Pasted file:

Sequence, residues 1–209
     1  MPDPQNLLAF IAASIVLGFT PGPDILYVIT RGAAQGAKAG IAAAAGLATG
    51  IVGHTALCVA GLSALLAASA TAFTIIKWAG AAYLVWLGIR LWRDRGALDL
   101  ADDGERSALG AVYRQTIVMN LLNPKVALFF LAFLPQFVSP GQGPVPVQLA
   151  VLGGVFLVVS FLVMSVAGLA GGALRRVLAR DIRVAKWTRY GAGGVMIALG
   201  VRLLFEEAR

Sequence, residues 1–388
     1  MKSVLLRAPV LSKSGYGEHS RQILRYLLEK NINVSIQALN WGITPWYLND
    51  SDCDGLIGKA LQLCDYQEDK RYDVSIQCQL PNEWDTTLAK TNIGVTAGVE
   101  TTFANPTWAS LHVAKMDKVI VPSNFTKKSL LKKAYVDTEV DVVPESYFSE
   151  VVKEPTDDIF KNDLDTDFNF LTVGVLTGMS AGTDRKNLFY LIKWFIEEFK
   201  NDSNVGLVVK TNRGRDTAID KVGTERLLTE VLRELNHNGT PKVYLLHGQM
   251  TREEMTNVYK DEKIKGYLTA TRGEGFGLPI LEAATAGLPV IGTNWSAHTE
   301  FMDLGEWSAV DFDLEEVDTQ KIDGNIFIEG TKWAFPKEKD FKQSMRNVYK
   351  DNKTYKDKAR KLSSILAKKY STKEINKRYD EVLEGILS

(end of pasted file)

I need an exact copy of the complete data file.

Sequence, residues 1–209
     1  MPDPQNLLAF IAASIVLGFT PGPDILYVIT RGAAQGAKAG IAAAAGLATG
    51  IVGHTALCVA GLSALLAASA TAFTIIKWAG AAYLVWLGIR LWRDRGALDL
   101  ADDGERSALG AVYRQTIVMN LLNPKVALFF LAFLPQFVSP GQGPVPVQLA
   151  VLGGVFLVVS FLVMSVAGLA GGALRRVLAR DIRVAKWTRY GAGGVMIALG
   201  VRLLFEEAR

Sequence, residues 1–388
     1  MKSVLLRAPV LSKSGYGEHS RQILRYLLEK NINVSIQALN WGITPWYLND
    51  SDCDGLIGKA LQLCDYQEDK RYDVSIQCQL PNEWDTTLAK TNIGVTAGVE
   101  TTFANPTWAS LHVAKMDKVI VPSNFTKKSL LKKAYVDTEV DVVPESYFSE
   151  VVKEPTDDIF KNDLDTDFNF LTVGVLTGMS AGTDRKNLFY LIKWFIEEFK
   201  NDSNVGLVVK TNRGRDTAID KVGTERLLTE VLRELNHNGT PKVYLLHGQM
   251  TREEMTNVYK DEKIKGYLTA TRGEGFGLPI LEAATAGLPV IGTNWSAHTE
   301  FMDLGEWSAV DFDLEEVDTQ KIDGNIFIEG TKWAFPKEKD FKQSMRNVYK
   351  DNKTYKDKAR KLSSILAKKY STKEINKRYD EVLEGILS